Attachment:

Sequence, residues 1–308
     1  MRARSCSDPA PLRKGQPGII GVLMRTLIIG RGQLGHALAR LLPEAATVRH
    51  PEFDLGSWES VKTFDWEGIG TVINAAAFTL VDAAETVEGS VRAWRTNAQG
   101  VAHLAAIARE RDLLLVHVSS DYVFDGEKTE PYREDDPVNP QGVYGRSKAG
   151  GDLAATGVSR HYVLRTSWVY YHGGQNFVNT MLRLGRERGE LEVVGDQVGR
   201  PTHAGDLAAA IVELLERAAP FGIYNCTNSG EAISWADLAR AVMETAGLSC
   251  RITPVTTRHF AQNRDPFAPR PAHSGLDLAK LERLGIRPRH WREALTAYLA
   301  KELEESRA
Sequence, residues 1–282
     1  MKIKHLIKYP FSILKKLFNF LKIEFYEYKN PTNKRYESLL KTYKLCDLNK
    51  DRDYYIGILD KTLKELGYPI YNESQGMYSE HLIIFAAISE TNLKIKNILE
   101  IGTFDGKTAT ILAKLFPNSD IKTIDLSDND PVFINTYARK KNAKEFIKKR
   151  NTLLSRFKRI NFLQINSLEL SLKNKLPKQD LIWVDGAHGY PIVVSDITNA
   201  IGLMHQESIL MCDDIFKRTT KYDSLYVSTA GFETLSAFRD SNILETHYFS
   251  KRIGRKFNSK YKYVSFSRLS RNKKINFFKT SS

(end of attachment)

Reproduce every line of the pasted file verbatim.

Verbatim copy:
Sequence, residues 1–308
     1  MRARSCSDPA PLRKGQPGII GVLMRTLIIG RGQLGHALAR LLPEAATVRH
    51  PEFDLGSWES VKTFDWEGIG TVINAAAFTL VDAAETVEGS VRAWRTNAQG
   101  VAHLAAIARE RDLLLVHVSS DYVFDGEKTE PYREDDPVNP QGVYGRSKAG
   151  GDLAATGVSR HYVLRTSWVY YHGGQNFVNT MLRLGRERGE LEVVGDQVGR
   201  PTHAGDLAAA IVELLERAAP FGIYNCTNSG EAISWADLAR AVMETAGLSC
   251  RITPVTTRHF AQNRDPFAPR PAHSGLDLAK LERLGIRPRH WREALTAYLA
   301  KELEESRA
Sequence, residues 1–282
     1  MKIKHLIKYP FSILKKLFNF LKIEFYEYKN PTNKRYESLL KTYKLCDLNK
    51  DRDYYIGILD KTLKELGYPI YNESQGMYSE HLIIFAAISE TNLKIKNILE
   101  IGTFDGKTAT ILAKLFPNSD IKTIDLSDND PVFINTYARK KNAKEFIKKR
   151  NTLLSRFKRI NFLQINSLEL SLKNKLPKQD LIWVDGAHGY PIVVSDITNA
   201  IGLMHQESIL MCDDIFKRTT KYDSLYVSTA GFETLSAFRD SNILETHYFS
   251  KRIGRKFNSK YKYVSFSRLS RNKKINFFKT SS